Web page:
Pamela J. Smock, Wendy D. Manning, and Meredith Porter. "Everything's There Except Money": How Money Shapes Decisions to Marry Among Cohabitors

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1 Pamela J. Smock, Wendy D. Manning, and Meredith Porter "Everything's There Except Money": How Money Shapes Decisions to Marry Among Cohabitors PSC Research Report Report No PSC P OPULATION STUDIES CENTER AT THE INSTITUTE FOR SOCIAL RESEARCH U NIVERSITY OF MICHIGAN

2 The Population Studies Center (PSC) at the University of Michigan is one of the oldest population centers in the United States. Established in 1961 with a grant from the Ford Foundation, the Center has a rich history as the main workplace for an interdisciplinary community of scholars in the field of population studies. Currently the Center is supported by a Population Research Infrastructure Program Grant (R24) from the National Institute of Child Health and Human Development, and by a Demography of Aging Center Grant (P30) from the National Institute on Aging, as well as by the University of Michigan, the Fogarty International Center, the William and Flora Hewlett Foundation, and the Andrew W. Mellon Foundation. PSC Research Reports are prepublication working papers that report on current demographic research conducted by PSC-affiliated researchers. These papers are written for timely dissemination and are often later submitted for publication in scholarly journals. The PSC Research Report Series was begun in Copyrights for all Reports are held by the authors. Readers may quote from this work as long as they properly acknowledge the authors and the Series and do not alter the original work. PSC Publications Population Studies Center, University of Michigan PO Box 1248, Ann Arbor, MI USA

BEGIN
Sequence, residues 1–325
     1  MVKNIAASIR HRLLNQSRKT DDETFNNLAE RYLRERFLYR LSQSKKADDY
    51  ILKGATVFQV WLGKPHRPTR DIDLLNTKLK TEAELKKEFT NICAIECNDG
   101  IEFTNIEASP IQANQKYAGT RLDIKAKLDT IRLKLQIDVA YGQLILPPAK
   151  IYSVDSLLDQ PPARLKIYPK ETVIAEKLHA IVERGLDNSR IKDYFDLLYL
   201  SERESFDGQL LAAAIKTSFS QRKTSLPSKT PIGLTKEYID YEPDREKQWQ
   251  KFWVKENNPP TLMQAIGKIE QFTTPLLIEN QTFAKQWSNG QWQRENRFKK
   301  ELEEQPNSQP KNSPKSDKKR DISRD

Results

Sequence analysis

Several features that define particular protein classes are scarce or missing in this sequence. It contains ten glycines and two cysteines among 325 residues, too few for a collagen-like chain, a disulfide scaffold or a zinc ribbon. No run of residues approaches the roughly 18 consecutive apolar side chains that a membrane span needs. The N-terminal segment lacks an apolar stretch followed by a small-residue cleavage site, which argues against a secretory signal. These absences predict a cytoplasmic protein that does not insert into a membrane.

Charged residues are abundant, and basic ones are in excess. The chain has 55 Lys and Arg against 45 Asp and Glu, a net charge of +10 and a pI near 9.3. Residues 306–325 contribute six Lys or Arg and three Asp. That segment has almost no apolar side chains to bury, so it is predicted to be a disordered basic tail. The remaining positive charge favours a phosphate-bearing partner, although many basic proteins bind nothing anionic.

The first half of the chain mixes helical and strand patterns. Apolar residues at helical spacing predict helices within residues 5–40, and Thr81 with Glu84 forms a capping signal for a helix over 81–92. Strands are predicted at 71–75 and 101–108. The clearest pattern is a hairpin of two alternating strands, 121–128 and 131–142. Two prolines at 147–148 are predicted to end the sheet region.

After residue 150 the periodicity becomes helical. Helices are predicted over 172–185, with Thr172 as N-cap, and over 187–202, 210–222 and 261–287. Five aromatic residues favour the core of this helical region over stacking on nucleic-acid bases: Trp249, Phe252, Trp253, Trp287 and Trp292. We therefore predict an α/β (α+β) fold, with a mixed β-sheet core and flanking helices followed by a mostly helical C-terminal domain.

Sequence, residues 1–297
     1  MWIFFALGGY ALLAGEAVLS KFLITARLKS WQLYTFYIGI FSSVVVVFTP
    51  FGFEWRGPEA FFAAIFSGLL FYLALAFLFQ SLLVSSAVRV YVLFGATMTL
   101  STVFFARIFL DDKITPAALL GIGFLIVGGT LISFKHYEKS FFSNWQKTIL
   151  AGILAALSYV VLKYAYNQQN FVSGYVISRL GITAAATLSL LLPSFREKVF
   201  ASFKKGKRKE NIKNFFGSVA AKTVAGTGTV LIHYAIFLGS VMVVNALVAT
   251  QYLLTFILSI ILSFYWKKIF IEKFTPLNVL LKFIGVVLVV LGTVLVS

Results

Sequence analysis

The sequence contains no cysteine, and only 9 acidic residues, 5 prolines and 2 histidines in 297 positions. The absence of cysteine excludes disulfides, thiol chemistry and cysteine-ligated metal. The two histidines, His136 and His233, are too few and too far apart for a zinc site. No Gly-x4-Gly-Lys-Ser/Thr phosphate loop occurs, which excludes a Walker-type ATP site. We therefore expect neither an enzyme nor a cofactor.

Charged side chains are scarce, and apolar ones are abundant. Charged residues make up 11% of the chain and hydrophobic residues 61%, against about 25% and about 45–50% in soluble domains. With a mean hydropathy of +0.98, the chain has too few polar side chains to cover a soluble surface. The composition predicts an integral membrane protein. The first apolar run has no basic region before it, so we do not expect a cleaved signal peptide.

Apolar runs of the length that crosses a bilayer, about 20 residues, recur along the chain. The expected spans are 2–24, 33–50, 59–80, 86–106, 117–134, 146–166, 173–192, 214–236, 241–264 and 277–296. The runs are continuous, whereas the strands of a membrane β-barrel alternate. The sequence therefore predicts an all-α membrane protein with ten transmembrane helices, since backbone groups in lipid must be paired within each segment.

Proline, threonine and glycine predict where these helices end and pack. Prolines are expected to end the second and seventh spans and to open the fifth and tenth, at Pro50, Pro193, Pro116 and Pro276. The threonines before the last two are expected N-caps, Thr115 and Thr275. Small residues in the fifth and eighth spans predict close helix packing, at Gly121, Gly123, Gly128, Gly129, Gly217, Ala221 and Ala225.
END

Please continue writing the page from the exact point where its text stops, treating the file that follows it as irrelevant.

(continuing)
3 1 Everything s There Except Money : How Money Shapes Decisions to Marry Among Cohabitors* Pamela J. Smock 1 Wendy D. Manning 2 Meredith Porter 3 1 Department of Sociology & Population Studies Center Institute for Social Research, University of Michigan, Ann Arbor, MI (office); (fax); ( ) 2,3 Department of Sociology & Center for Family and Demographic Research, Bowling Green State University Bowling Green, OH *An earlier version of this paper was presented at the 2004 Annual Meeting of the Population Association of America, Boston, MA, April 1- April 3. We thank Deborah Graefe, Peggy Giordano, and four anonymous reviewers for very helpful comments on earlier drafts. This research was supported by grants from the National Institute of Child Health and Human Development (R03 HD and R01 HD040910). It was also supported in part by the Population Studies Center at the University of Michigan and the Center for Family and Demographic Research at Bowling Green State University, which both receive core funding from the National Institute of Child Health and Human Development (R24 HD41028 and R21 HD042831, respectively).